Historical Details

Pierce, Rollin Z.

Courtesy of Our Heritage: Niobrarans and Neighbors, 12/17/2020


by Dona Eddy

Rollin Z. and Mary Frances (Burns) Pierce and family came to Keeline, Wyo. by train in 1910 from Cleveland, Ohio.  They were the parents of seven children, two of which were born in Wyoming.  They took a homestead near Keeline.

Children are as follows: Mrs. Ben (Margaret) Martin, deceased. She attended Jireh College and taught school before she was married. They had two children which both died in infancy. She died at child­ birth in 1923 with their second child.

Robert attended Jireh College and was a graduate of the University of· Wyoming. He passed away in 1926.

Mrs. Marion (Helen) Towne, 1907, of Laramie attended Jireh for two years and finished at Laramie High School.   They are the parents of two children, Melvin Jr., and Lois.

James was the last child, born in Cleveland, Ohio in 1909.  He died in 1921 six months after the family had moved to Laramie, from a ruptured appendix.

Mrs. Thomas (Mary) Tucke, Vista, Calif. born in 1912. No children.

Mrs. Eleanor Arp, Aug. 4, 1914, Oildale, Calif. started school after moving to Laramie. They were the parents of three children, Dorothy, Robert, and William.

Mr. Pierce had been a street car con­ductor and had worked in the steel mills. After reading a pamphlet which advertised free land they would give you if you built on it and proved up on it with plenty of room to raise your children, it sounded good to him. So with his wife and five children they came to Wyoming only to find it contained lots of hard work and a bare existence.

Dandelion greens and pap was their diet for a time. Pap was made with whole milk thickened with flour and sweetened with sugar and cinnamon.

A barn was dug into the side of the hill for the horses. Their one cow had been given to them by Mrs. Pierce's mother.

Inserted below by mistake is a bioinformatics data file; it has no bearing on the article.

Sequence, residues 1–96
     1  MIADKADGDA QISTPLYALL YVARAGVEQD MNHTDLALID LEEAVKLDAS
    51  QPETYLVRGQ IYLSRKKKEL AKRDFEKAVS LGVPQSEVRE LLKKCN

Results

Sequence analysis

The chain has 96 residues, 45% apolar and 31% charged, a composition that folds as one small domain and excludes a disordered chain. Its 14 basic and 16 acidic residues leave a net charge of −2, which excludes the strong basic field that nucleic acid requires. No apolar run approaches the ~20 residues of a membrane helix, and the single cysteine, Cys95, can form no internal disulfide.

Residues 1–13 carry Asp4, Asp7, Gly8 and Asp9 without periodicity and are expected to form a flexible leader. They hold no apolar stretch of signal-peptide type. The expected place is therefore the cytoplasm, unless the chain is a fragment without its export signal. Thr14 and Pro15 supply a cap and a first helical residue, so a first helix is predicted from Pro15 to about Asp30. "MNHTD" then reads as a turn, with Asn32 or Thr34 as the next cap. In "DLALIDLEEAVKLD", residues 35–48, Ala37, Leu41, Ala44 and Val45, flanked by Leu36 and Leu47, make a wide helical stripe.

They raised a garden, canned the vege­ tables and stored potatoes and pumpkins in a cellar.

The children attended Chimney Rock school and the oldest three, Margaret, Robert, and Harriet attended Jireh College for their high school.

When Helen and James were ready for high school they couldn't afford to board them out, so they moved to Laramie.

Mrs. Pierce and the children would find a quiet day and go to the field and pile tumbleweeds and thistle and burn them so the field could be plowed and seeded.

Mr. Pierce bought a tractor. It took him some time to get it started. One time when he pulled the flywheel it kicked and broke his arm. Not many crops were put in that year, as he had to go back to his horses.

Mr. Pierce was one that couldn't make machinery work very well.   He bought a car from John Collins. He went to Keeline once and came back as far as Weavers and it stop­ped on him. He pulled it home with the horses and let it sit.

He raised wheat and rye; when it had been harvested he put sideboards on two wagons and filled them with thrashed grain. He went in the lead with a load for the elevator with Helen and James following with the second wagon.

James and Helen had pigs in 4-H. James' was a Red Hampshire, a bacon hog and Helen's was a pork hog. Hers had a white spot in the
wrong place.  Many parents had bought pure­ bred weaner pigs for their child and many disagreed with the judges winners.

Mrs. Pierce had arthritis quite bad and they wanted more schooling for their children so they left and went to Laramie in 1920.

This homestead is part of the Larry Eddy Ranch today.

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